Papinville History Part 5

IN TODAYS 92.1 Local News broadcast WE feature the History of Bates County through a weekly release from the Papinville Association, the weekly series will air through  September 24th. This year Papinville will celebrate its 175th birthday.

The information has been written by Phyliss Stewart, to be shared with the public, through the broadcast on 92.1 and will be published on the website at

The first series of Papinville history aired on Friday, August 19th and will continue through September 23rd.  AND NOW WE PRESENT THE SERIES OF BUSINESSES IN PAPINVILLE AFTER THE CIVIL WAR

Border wars were starting as early as 1854.  In 1861 Kansas entered the union as a free state and in 1821 Missouri was admitted to the union as a slave state. There were many warfares and raids between Kansas and Missouri until the end of the Civil War.

General Jim Lane and his troops burnt the greater part of the town of Papinville in the fall of 1861. This was two years before Order 11. They burnt the courthouse and the river bridge going over the Marais des Cygnes at Papinville. This was done to prevent General Price from entering the county with his army. Most people thought that the bridge was burnt in Order 11 which was issued by Brig. Gen.Ewing on August 25, 1863. The Civil War ended April 9,1865 with the Confederates surrendering.

After the Civil War people started coming back to Papinville looking for their homes that had been burnt and building them back along with businesses. The following businesses are the ones that we know about: Xavier Kienberger was a wagon maker and made coffins for the people who couldn’t buy a ready made one. Major Wilson and Tom Sanderson had a furniture store and later moved to Rich Hill. Mike Kaufman made shingles, later had a drug store and a saloon. Dr. Zachariah Anderson came back and opened a drug store and later in 1880 his son ran the drug store. Other doctors that doctored in Papinville were Dr.C.C. Wilson, Dr. A.C. Thomson (1871) and Dr. Lindley. W.H. Graves was an attorney. Phillip Zeal had a general merchandise store on the southside of Main Street. Zeal sold his building to Ed Keller. Through the years the building sold to Sunderworth, Burgesses, Ben Smith and the last owner was W.O. Griffin. Griffin ‘s owned the last store in Papinville and in the early 40’s it closed. Ogle and Wilson had a hotel on the north side of Main Street between Prairie and Court Street. John Fry had a butcher shop on the northwest corner of Main and Court Street. Robert Alford had a dry good store on Main Street before 1873. E.H. Hirni had a butcher shop in 1869 for a few years. Frank Diehl, Chris and Jacob Hirni built a flour mill in 1870. This was a two story building north of the river bridge on the east bank of the river. Amos Bennett and his son bought the mill and operated it until it burnt about 1891. Mr. Diehl also ran a carding shop. Diehl was one of the builders who helped to build the bridge back after the Civil War. McDonald had a harness shop on Main Street and George Reeves had a grist mill by Ogle’s hotel. Fred Kamm, George Raps and Lemuel Cady were all blacksmiths. D.H. Wilson ran a dry goods store and H.E. Yaw had a saloon and hotel. Elias Shaver was the justice of the peace. As you can see Papinville was a busy town in Bates County after the Civil War.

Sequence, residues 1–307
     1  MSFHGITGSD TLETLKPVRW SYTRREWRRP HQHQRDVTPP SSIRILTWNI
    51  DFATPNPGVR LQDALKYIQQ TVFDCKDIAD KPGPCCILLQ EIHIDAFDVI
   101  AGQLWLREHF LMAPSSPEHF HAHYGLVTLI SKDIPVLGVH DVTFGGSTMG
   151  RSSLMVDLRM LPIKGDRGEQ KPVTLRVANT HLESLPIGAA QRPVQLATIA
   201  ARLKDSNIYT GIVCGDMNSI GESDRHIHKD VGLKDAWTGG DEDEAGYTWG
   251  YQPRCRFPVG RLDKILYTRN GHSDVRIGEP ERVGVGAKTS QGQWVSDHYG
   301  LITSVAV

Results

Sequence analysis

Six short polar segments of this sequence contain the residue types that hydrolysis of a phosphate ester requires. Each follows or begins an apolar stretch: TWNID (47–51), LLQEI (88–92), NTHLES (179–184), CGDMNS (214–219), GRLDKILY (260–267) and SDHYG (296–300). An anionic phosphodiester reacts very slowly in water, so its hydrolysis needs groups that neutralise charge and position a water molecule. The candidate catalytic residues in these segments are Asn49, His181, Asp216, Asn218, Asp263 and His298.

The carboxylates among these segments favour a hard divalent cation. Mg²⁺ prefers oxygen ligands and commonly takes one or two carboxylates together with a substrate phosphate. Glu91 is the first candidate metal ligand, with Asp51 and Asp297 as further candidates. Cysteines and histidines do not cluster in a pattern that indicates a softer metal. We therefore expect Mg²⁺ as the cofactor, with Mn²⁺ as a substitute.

Papinville had many businesses and many families lived in the area after the Civil War to the 1900’s. The river trade was starting to end in the late 1800’s and soon the railroads were being built. The M. K.&T. Railroad was built through the southeast corner of the county and new towns started up on the line of the railroad. Papinville remained only a local trading point and not the business center that it used to be.

Next week the story will be about what happened to the town in 1900 to the present.  Hope you will continue to read the stories or listen to them on the Butler Radio Station. They  thank Mid America Shopper \ News and the Rich Hill Mining Review for printing the stories and to the radio station for putting them on the radio for you to listen to how much history is in this little community. The Papinville Committee hope it will continue for a long time, but they need your help to continue. If you would like to help or volunteer call 417-395-4288 or 417-395 2594.

The Papinville Annual Picnic is September 24th. Mark your calendars to come to Papinville to celebrate our 175th celebration. By now you know that B Highway will not to closed until October 23. We will be able to have the picnic after two years of not being able to have it, because of the Covid. Let’s pray for beautiful weather. Until next week.

Submitted by: Phyllis Stewart (Activity Director)

Information taken from: “Papinville History 1997 “compiled by Beverly Sullins and Phyllis Stewart and “THREE MILE SQUARE” written by Mildred Marquardt